What can be done to solve the intractable problem of wildlife and feral cats? Ask Peter Paonessa.

Peter, who lives in Salem, CT, noticed two feral cats living near his house. He trapped them, provided veterinary care for them, and released them … into his basement.

Prior to their release he arranged his basement with litter boxes, a bed, and places to hide. He also built an 8’ long, 6’ wide, and 4’ high cage which he attached to the basement window, so fresh air and sun- or moonlight would be available to them at all times.

Of course there was a settling-in period. They were afraid of people and not used to being inside. But unsurprisingly, they quickly grew accustomed to the man who made no demands on them, appeared daily with food and water, and gave them sanctuary.

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Have they become cuddly pets? No. But they are healthy, content, and they are safe. Peter, who loves cats, has saved two of them from the normally short and brutal life of a feral cat. And Peter, who loves wildlife, has saved hundreds – if not thousands – of birds and small animals from being killed by two more feral cats.

Feral cat supporters: why not open your own homes to the animals you love – without demanding they become purring lap cats in return? Instead of rounding them up, providing minimal veterinary care, and dumping them back on the streets, why not actually rescue them?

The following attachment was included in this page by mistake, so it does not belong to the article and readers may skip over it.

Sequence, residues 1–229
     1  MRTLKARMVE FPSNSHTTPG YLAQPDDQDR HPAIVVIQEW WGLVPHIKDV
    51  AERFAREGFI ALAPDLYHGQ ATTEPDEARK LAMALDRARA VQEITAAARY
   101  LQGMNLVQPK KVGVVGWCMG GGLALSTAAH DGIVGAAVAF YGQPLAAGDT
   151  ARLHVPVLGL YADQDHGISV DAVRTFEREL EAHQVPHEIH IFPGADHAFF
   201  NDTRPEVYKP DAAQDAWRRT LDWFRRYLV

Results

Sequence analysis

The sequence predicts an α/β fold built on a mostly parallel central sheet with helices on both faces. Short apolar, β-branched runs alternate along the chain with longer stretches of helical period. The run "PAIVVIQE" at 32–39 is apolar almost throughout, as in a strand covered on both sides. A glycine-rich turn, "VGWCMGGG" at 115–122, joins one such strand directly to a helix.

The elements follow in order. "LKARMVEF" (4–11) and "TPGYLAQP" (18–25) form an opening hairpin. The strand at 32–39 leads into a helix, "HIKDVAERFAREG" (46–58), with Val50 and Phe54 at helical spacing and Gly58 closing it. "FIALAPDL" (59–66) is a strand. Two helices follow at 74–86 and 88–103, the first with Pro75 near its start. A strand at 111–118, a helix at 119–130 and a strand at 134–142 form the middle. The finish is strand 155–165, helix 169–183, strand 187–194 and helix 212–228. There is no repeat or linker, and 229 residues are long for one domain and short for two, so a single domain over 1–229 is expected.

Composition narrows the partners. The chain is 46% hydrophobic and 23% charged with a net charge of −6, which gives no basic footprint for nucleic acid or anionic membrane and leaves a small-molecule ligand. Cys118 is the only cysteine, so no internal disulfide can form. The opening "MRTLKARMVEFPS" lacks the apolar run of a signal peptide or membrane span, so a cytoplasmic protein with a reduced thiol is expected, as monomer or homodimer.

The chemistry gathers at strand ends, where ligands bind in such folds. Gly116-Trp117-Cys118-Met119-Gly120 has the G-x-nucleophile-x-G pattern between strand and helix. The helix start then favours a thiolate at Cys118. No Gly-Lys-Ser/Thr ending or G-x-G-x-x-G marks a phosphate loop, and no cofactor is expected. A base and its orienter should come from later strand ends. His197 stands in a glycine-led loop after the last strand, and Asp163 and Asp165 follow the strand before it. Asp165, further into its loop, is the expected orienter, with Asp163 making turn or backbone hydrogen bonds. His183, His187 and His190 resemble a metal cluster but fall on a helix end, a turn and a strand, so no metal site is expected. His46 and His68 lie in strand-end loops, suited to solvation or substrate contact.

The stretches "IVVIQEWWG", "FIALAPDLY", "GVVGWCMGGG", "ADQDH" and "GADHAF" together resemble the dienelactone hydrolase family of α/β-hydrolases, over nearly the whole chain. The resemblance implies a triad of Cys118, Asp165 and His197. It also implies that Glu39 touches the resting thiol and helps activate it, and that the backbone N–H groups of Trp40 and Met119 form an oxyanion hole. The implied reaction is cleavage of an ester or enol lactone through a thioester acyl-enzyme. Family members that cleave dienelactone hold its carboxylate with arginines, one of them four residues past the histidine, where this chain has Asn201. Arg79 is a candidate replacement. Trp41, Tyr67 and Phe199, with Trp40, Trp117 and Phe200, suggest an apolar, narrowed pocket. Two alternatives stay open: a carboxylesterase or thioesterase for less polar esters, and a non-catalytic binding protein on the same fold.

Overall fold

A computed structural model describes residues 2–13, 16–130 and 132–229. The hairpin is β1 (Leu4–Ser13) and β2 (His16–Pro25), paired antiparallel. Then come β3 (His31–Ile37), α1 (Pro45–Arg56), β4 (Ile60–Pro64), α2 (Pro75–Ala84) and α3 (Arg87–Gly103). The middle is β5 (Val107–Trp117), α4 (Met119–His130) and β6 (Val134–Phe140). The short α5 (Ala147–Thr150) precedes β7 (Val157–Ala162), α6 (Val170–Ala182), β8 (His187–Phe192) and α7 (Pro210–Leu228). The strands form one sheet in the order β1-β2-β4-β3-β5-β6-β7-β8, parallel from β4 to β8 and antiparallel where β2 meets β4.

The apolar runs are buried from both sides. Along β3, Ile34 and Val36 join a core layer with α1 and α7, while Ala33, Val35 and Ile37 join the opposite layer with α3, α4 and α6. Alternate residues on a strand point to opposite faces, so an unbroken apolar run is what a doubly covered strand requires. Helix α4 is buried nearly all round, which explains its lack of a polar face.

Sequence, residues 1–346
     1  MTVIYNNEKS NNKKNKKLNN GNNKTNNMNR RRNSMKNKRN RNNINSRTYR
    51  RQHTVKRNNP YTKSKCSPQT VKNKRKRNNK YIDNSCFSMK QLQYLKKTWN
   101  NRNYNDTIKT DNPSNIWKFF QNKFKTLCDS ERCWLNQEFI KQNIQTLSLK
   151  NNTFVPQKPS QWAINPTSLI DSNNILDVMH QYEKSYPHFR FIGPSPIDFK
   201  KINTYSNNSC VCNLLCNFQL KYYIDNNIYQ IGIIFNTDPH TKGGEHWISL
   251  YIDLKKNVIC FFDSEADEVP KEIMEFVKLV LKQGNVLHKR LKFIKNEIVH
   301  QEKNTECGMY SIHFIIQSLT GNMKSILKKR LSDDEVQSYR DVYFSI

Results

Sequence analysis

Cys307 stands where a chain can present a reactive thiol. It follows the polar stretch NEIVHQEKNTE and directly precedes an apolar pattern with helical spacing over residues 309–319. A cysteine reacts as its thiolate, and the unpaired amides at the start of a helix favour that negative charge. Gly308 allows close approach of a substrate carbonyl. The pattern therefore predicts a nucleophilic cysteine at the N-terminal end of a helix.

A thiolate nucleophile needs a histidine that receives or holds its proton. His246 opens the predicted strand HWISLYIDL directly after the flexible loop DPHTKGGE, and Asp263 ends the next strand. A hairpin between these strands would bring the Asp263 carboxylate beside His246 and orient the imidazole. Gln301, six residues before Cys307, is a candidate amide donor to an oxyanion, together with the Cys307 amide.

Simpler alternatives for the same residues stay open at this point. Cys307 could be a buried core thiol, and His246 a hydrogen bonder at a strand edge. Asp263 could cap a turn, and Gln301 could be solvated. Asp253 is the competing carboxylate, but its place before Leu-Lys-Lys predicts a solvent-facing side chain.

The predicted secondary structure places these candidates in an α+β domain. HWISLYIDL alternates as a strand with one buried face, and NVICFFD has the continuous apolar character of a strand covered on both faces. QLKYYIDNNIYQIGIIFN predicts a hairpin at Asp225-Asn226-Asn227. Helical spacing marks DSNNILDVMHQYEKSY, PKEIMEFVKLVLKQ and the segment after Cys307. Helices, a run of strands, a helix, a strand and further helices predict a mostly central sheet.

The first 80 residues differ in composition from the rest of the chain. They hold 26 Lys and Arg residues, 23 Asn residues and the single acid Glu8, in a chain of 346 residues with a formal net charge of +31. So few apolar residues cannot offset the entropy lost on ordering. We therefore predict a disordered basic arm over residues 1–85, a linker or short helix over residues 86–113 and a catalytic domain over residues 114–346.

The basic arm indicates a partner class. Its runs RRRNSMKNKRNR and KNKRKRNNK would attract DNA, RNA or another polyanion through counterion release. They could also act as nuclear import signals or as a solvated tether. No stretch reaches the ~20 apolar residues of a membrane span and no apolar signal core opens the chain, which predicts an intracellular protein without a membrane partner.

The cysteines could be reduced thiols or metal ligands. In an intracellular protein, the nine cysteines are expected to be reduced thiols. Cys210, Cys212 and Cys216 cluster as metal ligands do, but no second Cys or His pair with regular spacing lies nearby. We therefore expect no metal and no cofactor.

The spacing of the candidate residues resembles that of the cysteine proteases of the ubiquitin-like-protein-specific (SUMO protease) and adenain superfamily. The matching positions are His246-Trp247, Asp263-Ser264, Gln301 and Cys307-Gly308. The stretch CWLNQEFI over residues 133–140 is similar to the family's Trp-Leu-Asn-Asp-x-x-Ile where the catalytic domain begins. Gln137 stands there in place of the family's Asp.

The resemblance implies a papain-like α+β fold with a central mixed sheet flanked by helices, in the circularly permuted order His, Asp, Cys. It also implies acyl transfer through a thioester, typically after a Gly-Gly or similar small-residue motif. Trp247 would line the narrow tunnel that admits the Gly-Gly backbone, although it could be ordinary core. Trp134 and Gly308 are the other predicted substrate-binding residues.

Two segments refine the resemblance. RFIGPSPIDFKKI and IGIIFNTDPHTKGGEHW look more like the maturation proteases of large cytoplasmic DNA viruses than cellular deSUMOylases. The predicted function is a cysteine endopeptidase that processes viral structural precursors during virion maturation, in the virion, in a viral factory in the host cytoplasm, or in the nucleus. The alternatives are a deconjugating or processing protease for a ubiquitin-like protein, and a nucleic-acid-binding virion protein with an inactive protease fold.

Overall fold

I can hear it already: I want to be involved in saving cats, but not that involved.

If every feral cat supporter were to take personal responsibility for housing two or more unadoptable cats, the number of miserable, disease-ridden strays would plummet, and the populations of threatened and endangered wildlife would rise. And then the phrase “I don’t just love cats, I love all animals” might actually be believable.

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Written by Suzie
Suzie Gilbert is a licensed wild bird rehabilitator whose shameful secret is that on one occasion (well … maybe more than one) she has received a little brown job, or a fledgling whatever, and has been completely unable to ID it. Luckily, she has birder friends who will rush to her aid, although she must then suffer their mockery. She runs Flyaway, Inc. out of her home, and has been caring for injured and orphaned wild birds for 20 years. Why go birding when you can just stroll through the house? Honestly, though, she is wildly envious of birders and their trips to exotic locales. She is the author of Flyaway, her bird-rehabbing memoir, and Hawk Hill, a children's book, and is the sole parent of two teenagers. Never a dull moment.